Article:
Feedback, praise, criticism — all useless. Instead, put human psychology to work for you, this book advises.

As contrarian as it sounds, Jacobs says employees should set their own objectives and critique their own performance.

This is a book every project leader should read.Performance reviews and project 'post mortems' are not just uncomfortable…they don't produce the kind of value that is intended. We need frequent team member-led assessments that can lead to in-the-moment changes in behavior. That will lead to better projects and more satisfied project participants. This is a book every project leader should read.


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Project Managers Learning to Be Leaders http://www.reformingprojectmanagement.com/2009/06/08/997/ http://www.reformingprojectmanagement.com/2009/06/08/997/#comments Tue, 09 Jun 2009 03:00:11 +0000 Hal http://www.reformingprojectmanagement.com/?p=997 I get a lot of requests to review new books. I'm sitting on 5 books at this time. I try to read them in the order I receive them. I make exceptions for friends. I'm writing today about a book that I moved to the top of the list and I'm pleased I did. Management Rewired: Why Feedback Doesn't Work and Other Surprising Lessons from the Latest Brain Science, by Charles S. Jacobs, is a book about transformational leadership. There a lot of fine books on leadership1 so why another? Hasn't everything already been written? Not quite.

Jacobs calls on neuroscience (the study of how the brain works) to explore what works and doesn't work with leadership behaviors. His conclusions are both reassuring and surprising. I've read many studies that say for most of us, performance-based incentive plans don't work. It's not just that they are ineffective, incentive compensation — rewards and punishment — often produces the opposite effects. Jacobs explains our brain adjusts our behavior to managers who put themselves in a dominant role. On the surprising side, Jacobs says that traditional performance appraisals including the 360° reviews don't work. So what does work?(...)
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Lean Project Implementation Is Not Adoption http://www.reformingprojectmanagement.com/2009/06/01/991/ http://www.reformingprojectmanagement.com/2009/06/01/991/#comments Tue, 02 Jun 2009 03:18:11 +0000 Hal http://www.reformingprojectmanagement.com/?p=991

I was speaking today with the COO of a large construction firm that has been on a journey to deliver their projects on a lean basis for the last 8 years. We were speaking about the usual comments senior people make about lean. He said, "Don't paper the projects; you need to change your practices to deliver a lean project." In other words, going through the motions won't make the project lean. But what will make it lean?

You need to change your practices to deliver a lean project.Doing a project lean is not an implementation issue. Rather, it is about adopting a different set of behaviors. Behaviors are an individual issue. Each person has to decide that they will approach their work differently. This is the bad news. It's also the good news. Why? There's really nothing to implement. My colleagues (and clients) might disagree. So be it. The fundamental issue is for people to approach their work with a new attitude and a new commitment.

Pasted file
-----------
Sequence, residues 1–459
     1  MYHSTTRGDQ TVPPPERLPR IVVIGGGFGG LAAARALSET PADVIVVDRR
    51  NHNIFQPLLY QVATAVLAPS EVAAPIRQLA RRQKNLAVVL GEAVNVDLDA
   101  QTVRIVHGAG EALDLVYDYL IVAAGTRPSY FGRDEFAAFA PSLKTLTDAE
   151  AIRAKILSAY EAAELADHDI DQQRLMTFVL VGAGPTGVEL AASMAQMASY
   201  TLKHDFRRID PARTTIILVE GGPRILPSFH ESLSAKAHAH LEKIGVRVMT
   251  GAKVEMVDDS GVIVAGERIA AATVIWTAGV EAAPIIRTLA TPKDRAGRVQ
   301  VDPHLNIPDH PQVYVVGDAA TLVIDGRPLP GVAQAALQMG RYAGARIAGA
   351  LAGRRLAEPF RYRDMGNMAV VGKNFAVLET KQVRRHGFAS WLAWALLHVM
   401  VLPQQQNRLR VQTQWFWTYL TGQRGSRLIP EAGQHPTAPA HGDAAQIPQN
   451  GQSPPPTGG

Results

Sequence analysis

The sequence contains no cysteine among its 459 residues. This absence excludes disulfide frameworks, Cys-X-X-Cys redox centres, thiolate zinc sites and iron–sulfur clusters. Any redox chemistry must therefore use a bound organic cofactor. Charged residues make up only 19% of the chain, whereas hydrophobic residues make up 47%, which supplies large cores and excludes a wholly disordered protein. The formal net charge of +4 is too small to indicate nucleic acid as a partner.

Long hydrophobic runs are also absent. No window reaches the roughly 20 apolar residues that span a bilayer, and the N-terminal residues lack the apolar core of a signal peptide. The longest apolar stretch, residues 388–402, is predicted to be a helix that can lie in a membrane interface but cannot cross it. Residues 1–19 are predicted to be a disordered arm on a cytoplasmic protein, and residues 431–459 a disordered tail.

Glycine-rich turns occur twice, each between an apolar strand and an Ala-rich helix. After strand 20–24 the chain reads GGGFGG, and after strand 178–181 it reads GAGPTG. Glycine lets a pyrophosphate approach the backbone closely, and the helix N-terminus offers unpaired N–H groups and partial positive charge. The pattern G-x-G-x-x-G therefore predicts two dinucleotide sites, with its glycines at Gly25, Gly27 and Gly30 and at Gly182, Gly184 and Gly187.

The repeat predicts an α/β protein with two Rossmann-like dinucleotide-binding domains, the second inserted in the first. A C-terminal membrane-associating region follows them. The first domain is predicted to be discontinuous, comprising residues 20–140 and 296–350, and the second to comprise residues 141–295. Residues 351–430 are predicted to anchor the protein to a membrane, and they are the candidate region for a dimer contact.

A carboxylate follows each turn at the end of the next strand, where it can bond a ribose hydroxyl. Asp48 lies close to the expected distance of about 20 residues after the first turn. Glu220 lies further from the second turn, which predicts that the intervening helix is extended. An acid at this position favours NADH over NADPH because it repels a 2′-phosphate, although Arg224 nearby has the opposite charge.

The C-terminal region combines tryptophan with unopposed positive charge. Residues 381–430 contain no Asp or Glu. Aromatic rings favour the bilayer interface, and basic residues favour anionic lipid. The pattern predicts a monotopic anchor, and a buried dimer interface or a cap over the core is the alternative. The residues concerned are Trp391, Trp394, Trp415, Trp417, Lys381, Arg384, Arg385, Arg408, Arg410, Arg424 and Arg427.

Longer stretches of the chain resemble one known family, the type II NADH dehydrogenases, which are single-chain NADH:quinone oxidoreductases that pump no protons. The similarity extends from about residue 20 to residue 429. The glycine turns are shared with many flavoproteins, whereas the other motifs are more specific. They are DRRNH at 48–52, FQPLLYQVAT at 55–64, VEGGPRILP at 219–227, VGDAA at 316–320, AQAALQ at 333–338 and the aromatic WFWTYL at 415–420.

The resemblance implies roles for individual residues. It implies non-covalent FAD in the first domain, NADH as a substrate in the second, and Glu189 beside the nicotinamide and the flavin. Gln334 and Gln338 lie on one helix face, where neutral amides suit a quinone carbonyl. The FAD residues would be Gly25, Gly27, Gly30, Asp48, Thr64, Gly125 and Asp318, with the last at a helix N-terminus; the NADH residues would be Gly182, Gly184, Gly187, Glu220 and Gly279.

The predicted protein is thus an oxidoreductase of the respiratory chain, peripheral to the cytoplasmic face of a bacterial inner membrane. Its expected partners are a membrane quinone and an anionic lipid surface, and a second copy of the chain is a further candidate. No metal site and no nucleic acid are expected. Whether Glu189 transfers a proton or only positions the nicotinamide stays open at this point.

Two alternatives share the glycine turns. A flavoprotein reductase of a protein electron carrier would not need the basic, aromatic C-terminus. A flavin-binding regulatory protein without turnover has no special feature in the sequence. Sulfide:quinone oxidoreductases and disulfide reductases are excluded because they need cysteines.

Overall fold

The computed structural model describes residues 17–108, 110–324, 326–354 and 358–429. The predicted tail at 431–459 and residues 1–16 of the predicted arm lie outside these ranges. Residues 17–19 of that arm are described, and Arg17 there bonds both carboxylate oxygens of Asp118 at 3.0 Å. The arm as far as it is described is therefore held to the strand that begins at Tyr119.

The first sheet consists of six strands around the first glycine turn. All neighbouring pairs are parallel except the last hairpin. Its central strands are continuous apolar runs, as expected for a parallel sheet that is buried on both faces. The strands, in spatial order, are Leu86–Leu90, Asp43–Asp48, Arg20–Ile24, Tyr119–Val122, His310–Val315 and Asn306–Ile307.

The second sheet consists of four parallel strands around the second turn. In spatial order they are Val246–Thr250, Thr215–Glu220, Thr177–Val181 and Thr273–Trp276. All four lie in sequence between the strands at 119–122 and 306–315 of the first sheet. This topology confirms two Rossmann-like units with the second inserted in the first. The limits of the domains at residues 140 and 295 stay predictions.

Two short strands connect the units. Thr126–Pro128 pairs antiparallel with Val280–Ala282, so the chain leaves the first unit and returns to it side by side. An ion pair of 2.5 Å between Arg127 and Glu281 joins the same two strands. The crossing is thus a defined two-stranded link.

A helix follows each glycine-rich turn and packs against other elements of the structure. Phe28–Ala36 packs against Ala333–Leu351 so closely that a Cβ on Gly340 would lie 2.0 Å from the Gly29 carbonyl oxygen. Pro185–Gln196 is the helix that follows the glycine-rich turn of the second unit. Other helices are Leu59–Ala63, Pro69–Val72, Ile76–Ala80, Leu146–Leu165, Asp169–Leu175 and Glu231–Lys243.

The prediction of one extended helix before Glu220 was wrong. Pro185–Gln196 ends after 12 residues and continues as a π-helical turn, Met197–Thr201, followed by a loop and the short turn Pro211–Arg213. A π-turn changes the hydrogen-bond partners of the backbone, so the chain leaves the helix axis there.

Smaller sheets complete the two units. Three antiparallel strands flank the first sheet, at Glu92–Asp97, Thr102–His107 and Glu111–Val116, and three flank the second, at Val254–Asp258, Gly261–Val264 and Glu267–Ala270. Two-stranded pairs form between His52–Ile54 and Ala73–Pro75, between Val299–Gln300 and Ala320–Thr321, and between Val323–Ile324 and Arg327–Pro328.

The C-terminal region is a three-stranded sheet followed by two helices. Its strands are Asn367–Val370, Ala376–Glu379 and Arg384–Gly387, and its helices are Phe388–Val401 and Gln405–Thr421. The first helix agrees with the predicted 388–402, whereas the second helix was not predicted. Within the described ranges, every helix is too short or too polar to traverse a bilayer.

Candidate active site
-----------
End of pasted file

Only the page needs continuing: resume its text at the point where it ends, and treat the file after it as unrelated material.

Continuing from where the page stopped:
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Social Media for Supporting Projects http://www.reformingprojectmanagement.com/2009/06/01/989/ http://www.reformingprojectmanagement.com/2009/06/01/989/#comments Mon, 01 Jun 2009 21:45:36 +0000 Hal http://www.reformingprojectmanagement.com/?p=989 I did an interview with Bas de Baar via Skype video. We discussed how my company is using collaborative tools in support of our clients' projects. Enjoy!


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Project Blogs Never Been Easier nor More Useful http://www.reformingprojectmanagement.com/2009/05/28/985/ http://www.reformingprojectmanagement.com/2009/05/28/985/#comments Fri, 29 May 2009 00:06:14 +0000 Hal http://www.reformingprojectmanagement.com/?p=985
Image representing Posterous as depicted in Cr...
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About seven years ago I speculated on this weblog a use for blogging on projects. It was a naive post at the time. I didn't have real conviction about it. I never encouraged my clients to have a try. Well, times have changed, or maybe I have changed. Project collaboration and up-to-date communication is valued more than ever. The technology just got so simple that there's no work to do to create and maintain a project blog.

Send an email and the project update is made

Posterous is a blogging and social media platform that works from your email account. You can use it from your desktop or your mobile phone. Just send a message to post@posterous.com and the rest is magic! The subject of your email becomes the title of the post. Anything you attach — photos, Powerpoint, recordings, documents — are handled by Posterous and presented elegantly on your blog. You can set up your blog so every member of your team can post. That would be very useful for keeping everyone up to date on progress, particularly when geographically dispersed. Just send an email and the project update is made!

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Pursuing an Elegant Foreword http://www.reformingprojectmanagement.com/2009/05/28/978/ http://www.reformingprojectmanagement.com/2009/05/28/978/#comments Thu, 28 May 2009 10:46:54 +0000 Hal http://www.reformingprojectmanagement.com/?p=978 Did you catch the Foreword to In Pursuit of Elegance? Guy Kawasaki wrote, "Less is the new more." Easy to learn: symmetry, seduction, subtraction, and sustainability. Very valuable to do. Step 1: Read Matt's book!! just 140 keystrokes.